Experimental Design and Flow Visualization for the Upper Plenum of a Very High Temperature Gas Cooled for Computer Fluid Dynamics Validation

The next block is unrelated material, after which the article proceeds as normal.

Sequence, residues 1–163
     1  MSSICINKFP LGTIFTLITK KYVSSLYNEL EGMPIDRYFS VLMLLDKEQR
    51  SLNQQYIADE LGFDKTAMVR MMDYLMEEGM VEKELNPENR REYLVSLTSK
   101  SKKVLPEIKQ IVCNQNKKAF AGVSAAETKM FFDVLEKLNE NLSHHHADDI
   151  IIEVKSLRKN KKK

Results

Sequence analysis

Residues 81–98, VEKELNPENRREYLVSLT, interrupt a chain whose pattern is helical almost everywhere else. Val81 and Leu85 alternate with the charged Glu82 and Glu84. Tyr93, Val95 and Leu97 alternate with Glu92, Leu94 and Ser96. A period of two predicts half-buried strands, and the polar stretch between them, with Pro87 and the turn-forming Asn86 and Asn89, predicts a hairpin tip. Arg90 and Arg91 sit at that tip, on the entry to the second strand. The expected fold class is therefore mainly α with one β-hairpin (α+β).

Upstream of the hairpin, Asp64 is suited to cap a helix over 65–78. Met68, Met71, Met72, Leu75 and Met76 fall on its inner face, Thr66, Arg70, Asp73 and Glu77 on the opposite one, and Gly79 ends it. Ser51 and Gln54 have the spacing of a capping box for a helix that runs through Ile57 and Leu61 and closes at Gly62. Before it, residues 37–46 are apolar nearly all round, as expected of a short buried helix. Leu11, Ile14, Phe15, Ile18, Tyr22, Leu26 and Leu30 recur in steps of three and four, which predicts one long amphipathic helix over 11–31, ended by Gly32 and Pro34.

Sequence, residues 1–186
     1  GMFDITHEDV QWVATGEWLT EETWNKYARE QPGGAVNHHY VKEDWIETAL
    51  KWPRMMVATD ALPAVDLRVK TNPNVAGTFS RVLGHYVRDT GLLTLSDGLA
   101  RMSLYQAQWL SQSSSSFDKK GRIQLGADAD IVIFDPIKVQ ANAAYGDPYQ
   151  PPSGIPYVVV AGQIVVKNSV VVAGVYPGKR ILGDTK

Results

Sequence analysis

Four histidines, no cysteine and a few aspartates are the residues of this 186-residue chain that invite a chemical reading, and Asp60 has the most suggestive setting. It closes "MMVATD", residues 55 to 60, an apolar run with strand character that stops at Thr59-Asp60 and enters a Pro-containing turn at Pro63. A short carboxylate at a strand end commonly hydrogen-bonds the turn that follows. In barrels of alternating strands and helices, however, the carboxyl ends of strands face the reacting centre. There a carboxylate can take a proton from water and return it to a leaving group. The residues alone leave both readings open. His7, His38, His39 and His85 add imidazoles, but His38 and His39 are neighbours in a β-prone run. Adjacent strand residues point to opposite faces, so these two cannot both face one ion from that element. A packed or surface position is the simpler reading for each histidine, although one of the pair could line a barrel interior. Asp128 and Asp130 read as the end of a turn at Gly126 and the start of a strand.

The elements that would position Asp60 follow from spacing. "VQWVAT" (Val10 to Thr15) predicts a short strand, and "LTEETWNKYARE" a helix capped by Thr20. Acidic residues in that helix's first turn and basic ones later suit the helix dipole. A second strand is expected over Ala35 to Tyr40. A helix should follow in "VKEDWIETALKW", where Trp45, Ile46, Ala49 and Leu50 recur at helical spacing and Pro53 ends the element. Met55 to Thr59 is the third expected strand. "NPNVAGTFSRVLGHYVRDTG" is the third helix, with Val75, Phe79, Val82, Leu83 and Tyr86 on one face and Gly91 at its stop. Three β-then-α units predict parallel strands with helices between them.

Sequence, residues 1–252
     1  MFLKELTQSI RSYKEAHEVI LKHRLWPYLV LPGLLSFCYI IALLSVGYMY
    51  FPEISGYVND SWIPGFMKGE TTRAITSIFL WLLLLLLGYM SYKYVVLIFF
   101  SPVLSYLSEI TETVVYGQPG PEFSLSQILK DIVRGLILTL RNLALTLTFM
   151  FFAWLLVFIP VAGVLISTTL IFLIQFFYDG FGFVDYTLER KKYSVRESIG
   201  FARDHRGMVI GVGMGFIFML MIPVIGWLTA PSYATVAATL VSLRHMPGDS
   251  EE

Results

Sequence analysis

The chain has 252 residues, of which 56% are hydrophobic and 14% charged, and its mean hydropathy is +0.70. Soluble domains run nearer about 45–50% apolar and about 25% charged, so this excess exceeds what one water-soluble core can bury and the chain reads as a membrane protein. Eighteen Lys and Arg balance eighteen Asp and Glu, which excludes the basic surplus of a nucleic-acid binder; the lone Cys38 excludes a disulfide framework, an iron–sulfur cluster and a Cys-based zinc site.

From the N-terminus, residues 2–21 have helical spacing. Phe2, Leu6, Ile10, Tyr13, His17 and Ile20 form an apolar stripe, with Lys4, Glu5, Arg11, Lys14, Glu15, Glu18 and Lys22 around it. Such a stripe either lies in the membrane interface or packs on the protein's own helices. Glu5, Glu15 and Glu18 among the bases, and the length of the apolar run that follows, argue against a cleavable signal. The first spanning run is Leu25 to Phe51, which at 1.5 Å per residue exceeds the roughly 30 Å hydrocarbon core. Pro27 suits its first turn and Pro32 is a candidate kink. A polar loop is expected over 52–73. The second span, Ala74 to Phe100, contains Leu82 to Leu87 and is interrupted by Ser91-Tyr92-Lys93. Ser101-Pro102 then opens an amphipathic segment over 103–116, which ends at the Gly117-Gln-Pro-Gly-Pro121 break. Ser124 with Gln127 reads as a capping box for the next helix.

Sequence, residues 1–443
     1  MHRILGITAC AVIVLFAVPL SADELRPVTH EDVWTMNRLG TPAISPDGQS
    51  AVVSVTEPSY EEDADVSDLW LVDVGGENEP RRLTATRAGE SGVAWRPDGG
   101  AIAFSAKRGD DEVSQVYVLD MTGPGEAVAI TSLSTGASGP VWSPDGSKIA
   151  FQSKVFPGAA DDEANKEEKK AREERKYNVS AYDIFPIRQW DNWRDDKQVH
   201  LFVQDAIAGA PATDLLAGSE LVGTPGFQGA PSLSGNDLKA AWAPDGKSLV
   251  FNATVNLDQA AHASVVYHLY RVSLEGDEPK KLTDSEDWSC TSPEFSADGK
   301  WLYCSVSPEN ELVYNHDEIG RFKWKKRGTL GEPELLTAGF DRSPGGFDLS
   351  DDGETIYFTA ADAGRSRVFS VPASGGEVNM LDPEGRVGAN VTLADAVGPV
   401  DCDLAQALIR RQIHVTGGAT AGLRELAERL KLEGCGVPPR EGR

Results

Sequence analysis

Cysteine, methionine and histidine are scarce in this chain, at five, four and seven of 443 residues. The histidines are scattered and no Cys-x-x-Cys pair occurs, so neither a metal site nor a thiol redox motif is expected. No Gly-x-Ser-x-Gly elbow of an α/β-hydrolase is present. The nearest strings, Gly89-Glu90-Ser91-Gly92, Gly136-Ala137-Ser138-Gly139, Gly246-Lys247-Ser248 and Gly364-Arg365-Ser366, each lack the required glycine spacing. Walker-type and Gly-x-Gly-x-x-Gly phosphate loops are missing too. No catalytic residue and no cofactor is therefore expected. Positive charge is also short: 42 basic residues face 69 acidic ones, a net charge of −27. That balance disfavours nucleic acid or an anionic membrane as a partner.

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The Very High Temperature Reactor (VHTR) is a Generation IV nuclear reactor that is currently under design. It modifies the current high temperature gas reactor (HTGR) design to have a 1000 ^(0)C coolant outlet. This increases fuel efficiency and allows for other industrial applications. During the design process several studies are performed to develop safety codes for the reactor. One major accident of interest is the Pressurized Conduction Cooldown (PCC) scenario. The PCC scenario involves loss of forced coolant to the core but the loop stays pressurized. This results in a large buoyancy force that through natural convection reverses the flow of the core coolant loop to circulate into the upper plenum of the VHTR. Computer codes may be developed to simulate the phenomenon that occurs in a PCC scenario, but benchmark data is needed to validate the simulations. There are currently no experimental models to provide benchmark data for the PCC scenario. This study will cover the design, construction, and testing of a 1/16th scaled model of a VHTR that uses Particle Image Velocimetry (PIV) for flow visualization in the upper plenum. Three tests were run for a partially heated core at statistically steady state, and PIV was used to generate the velocity field of three naturally convective adjacent jets. Recirculation between the jets occurred until the jets reached the mixing point three cm from the outlet where turbulent mixing was observed. A sensitivity analysis was performed to confirm 1000 image pairs was sufficient to correctly represent the flow. The results were then validated by comparing the PIV results with experimental data and calculated values.